5. Viruses, microscopy and fast radio bursts: 10 remarkable discoveries from 2020. Highlights from News & Views published this year. Nature 588, 596-598 (2020). Doi: https://doi.org/10.1038/d41586-020-03514-8.
  6. Bastard, P et al. Autoantibodies neutralizing type I IFNs are present in ~ 4% of uninfected individuals over 70 years old and account for ~ 20% of COVID-19 deaths. Sci Immunol. Aug 19;6(62), 2021. doi: 10.1126/sciimmunol.abl4340.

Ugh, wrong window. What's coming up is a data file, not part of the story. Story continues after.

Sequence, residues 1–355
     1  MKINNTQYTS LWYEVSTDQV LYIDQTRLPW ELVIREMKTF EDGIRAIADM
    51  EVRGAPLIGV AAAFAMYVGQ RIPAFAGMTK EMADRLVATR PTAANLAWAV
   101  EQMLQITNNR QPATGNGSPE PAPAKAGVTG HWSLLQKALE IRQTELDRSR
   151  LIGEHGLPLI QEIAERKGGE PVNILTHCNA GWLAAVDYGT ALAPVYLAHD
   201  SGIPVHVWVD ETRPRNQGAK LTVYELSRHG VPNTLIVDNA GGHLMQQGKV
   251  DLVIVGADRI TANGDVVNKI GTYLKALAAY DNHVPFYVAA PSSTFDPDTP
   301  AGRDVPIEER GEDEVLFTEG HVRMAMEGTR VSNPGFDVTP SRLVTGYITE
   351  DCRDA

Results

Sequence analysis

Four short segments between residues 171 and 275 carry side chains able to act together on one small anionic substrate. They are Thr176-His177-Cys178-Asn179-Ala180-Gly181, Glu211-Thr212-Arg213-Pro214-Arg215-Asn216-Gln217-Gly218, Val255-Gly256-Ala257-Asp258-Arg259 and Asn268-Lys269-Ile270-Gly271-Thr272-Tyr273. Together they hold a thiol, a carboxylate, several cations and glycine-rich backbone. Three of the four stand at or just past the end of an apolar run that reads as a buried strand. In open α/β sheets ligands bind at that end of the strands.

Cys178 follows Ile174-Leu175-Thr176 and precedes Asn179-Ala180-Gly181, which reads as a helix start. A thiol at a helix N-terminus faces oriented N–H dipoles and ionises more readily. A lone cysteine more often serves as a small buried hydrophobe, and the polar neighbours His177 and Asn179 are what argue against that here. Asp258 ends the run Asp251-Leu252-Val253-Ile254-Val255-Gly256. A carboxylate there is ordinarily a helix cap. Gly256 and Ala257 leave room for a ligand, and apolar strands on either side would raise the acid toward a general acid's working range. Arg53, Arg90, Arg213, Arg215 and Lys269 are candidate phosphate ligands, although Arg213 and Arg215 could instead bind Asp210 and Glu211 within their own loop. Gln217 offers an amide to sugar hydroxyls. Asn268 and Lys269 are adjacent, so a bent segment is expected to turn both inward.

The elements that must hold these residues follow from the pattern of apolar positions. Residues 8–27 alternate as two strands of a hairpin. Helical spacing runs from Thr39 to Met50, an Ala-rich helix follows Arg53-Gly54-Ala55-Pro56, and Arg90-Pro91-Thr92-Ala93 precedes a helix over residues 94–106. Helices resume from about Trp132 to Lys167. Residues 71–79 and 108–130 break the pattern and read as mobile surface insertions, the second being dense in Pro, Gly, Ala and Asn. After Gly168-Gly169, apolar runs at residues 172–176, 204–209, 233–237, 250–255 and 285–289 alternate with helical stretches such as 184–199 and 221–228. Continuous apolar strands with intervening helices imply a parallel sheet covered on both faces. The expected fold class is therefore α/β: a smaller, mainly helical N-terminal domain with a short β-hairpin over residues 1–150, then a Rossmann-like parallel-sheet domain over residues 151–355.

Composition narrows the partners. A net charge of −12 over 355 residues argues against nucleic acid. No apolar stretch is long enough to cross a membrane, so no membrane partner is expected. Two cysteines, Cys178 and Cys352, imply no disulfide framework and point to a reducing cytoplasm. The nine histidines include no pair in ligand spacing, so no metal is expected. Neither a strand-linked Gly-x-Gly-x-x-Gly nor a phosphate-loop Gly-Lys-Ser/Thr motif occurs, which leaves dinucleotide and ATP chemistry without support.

7. Bastard, P et al. Preexisting autoantibodies to type I IFNs underlie critical COVID-19 pneumonia in patients with APS-1. J Exp Med. 2021 Jul 5;218(7):e20210554. doi: 10.1084/jem.20210554.
  8. Bastard, P et al. Interferon-β therapy in a patient with Incontinentia Pigmenti and autoantibodies against Type I IFNs infected with SARS-CoV-2. J Clin Immunol. 2021 Jul;41(5):931-933. doi: 10.1007/s10875-021-01023-5. Epub 2021 Mar 25.

 

Topics: Infectious Diseases, Publications, Immunoassay platform, Clinical samples, Autoantibodies, COVID-19